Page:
NAIROBI, Kenya, Sept 30- Kenya’s global ranking as a favourable business climate could improve significantly if local authorities adopt practises to improve business regulation.
A World Bank report dubbed ‘Doing Business in Kenya 2010’ indicates that having transparent and efficient regulations at the municipal level would make it easier for entrepreneurs to start and operate businesses which would then have overall benefits for the country.
“Implementation of these reforms could push up Kenya’s position in the global ranking by 17 places,” said the Bank’s Acting Vice President for Financial and Private Sector Development Penelope Brook.
The study, which mainly focused on regulations and their enforcement in 11 local authorities in the country, placed Kenya in the 95th position out of 183 economies surveyed.
The reform measures she pointed out included setting up of a ‘one-stop shop’ concept to ease the issuance of business permits, enabling online applications and cutting down on the number of procedures required before setting up a business.
Ms Brook observed that executing those reforms – which effectively means improving business start ups – would not only enhance economic growth and investment rate but would also provide employment opportunities for women and youth like it had done in countries such as Mexico where such changes have been implemented.
The study ranked Narok as the best town to do business out of the 11 that were featured. It looked at four indicators; starting a business, dealing with construction permits, registering property and enforcing contracts.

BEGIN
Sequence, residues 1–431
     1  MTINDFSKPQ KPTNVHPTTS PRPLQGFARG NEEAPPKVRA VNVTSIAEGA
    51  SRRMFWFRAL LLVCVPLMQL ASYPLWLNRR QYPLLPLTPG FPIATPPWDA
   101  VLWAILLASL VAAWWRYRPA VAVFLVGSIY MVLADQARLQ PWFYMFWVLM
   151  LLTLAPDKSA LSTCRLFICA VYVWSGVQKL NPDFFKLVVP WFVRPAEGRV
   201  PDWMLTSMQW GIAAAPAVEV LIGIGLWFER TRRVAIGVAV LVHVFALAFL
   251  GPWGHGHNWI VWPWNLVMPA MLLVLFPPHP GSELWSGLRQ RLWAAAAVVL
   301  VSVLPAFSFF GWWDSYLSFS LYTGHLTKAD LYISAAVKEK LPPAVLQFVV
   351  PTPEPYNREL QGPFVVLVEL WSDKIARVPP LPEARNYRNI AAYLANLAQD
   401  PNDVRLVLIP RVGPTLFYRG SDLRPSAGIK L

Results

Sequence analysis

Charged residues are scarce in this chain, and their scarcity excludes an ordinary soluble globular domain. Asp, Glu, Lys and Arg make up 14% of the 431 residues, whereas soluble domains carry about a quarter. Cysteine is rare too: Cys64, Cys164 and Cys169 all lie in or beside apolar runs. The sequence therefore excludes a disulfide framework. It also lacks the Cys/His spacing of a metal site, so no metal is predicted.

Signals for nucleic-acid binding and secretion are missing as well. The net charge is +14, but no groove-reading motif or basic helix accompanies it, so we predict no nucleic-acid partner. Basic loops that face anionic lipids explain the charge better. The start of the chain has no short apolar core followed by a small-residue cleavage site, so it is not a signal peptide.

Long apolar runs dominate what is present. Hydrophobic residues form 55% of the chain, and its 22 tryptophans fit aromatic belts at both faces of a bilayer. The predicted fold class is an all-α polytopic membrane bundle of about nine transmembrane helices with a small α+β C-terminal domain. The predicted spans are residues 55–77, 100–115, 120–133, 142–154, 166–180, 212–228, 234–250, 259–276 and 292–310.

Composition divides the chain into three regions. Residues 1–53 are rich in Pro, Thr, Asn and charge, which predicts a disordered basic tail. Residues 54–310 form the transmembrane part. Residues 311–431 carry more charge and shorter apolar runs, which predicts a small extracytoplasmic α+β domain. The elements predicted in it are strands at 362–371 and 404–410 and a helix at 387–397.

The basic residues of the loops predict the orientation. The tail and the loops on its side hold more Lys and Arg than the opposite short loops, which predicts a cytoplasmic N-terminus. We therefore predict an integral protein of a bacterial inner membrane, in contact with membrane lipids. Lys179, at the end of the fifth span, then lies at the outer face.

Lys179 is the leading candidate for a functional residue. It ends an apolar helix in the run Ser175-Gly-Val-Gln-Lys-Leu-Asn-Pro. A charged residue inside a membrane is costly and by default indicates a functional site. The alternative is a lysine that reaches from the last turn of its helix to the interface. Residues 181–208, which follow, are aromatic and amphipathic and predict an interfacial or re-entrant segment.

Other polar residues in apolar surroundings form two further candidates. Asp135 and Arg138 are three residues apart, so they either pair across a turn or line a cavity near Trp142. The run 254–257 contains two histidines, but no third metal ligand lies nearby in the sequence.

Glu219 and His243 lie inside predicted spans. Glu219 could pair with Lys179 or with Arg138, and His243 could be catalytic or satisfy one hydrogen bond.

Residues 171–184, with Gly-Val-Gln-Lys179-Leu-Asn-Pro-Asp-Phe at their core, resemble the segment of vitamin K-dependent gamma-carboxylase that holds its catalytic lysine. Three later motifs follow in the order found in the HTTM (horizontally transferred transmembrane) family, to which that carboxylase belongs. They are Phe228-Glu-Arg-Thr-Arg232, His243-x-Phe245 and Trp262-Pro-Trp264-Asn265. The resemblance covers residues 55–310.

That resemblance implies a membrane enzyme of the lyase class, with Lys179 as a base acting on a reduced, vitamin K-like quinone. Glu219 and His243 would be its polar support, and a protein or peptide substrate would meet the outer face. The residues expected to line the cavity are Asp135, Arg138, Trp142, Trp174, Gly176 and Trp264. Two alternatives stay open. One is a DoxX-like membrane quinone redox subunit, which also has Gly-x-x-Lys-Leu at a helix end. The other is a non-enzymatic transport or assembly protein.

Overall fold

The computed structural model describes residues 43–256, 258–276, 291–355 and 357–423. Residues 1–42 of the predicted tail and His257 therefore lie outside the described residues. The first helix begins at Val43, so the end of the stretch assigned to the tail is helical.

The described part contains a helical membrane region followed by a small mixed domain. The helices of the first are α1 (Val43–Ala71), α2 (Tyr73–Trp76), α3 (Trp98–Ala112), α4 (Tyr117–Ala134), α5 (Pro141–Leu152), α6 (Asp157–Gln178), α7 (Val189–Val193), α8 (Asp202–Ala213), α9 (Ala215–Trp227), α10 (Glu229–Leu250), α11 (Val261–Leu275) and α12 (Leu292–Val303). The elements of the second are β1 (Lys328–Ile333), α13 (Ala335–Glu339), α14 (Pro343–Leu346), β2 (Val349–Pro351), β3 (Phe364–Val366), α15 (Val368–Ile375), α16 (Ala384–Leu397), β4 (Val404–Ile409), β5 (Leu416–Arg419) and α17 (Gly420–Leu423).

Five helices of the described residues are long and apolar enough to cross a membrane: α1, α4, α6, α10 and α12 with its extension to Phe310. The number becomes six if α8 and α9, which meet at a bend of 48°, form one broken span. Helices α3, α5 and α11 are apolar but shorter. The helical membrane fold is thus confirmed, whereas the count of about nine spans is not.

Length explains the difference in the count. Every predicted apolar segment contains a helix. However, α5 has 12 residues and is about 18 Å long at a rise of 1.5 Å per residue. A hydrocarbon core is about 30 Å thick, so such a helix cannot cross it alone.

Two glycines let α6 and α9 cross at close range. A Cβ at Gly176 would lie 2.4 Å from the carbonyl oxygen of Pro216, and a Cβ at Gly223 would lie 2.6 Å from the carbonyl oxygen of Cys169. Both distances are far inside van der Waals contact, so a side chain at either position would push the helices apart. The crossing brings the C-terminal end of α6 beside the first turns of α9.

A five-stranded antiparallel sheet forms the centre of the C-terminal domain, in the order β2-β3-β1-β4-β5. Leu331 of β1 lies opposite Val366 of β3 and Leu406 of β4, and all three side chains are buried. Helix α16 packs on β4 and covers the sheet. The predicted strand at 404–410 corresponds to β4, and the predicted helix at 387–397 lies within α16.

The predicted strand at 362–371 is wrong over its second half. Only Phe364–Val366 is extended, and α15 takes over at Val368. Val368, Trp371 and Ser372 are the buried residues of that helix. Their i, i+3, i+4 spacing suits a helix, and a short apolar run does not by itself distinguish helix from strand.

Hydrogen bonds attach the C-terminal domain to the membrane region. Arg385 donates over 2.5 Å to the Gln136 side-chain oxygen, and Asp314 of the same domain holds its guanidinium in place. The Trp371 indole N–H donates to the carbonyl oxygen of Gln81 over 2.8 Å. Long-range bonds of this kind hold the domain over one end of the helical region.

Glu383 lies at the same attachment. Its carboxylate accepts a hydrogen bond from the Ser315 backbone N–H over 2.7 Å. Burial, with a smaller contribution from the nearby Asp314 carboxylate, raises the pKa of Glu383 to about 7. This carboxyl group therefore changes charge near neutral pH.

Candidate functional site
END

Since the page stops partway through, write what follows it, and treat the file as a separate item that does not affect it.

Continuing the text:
Although it performed poorly in the ease of starting a business, on average Narok’s overall sub national rankings improved, supported by its good performance in the other indicators, according to Ms Brook.
Nairobi City on the other hand was 10th overall, with its main undoing being the time it takes to register property and enforce contracts.
Present at the launch was Deputy Prime Minister and Minister for Local Government Musalia Mudavadi who lauded the “Doing Business’ indicators as valuable to the local authorities as it would make them transform into investor friendly councils.
“Kenya needs to deliver a high quality, low cost business environment. But more particularly, we must reduce the burden of regulation on our businesses,” he said although he regretted that the dream of a single business permit had not been realised.
He however expressed optimism that the findings would provide the government with a basis to develop intervention plans for strengthening the local authorities which from a private sector’s perspective have a very negative image.
Besides the punitive bylaws that the councils still implements, the business community have to deal with the harassment from its ‘askaris’.
The Minister however assured that they were willing to work with all stakeholders to address the specific concerns of the private sector and contribute towards improving Kenya’s competitiveness.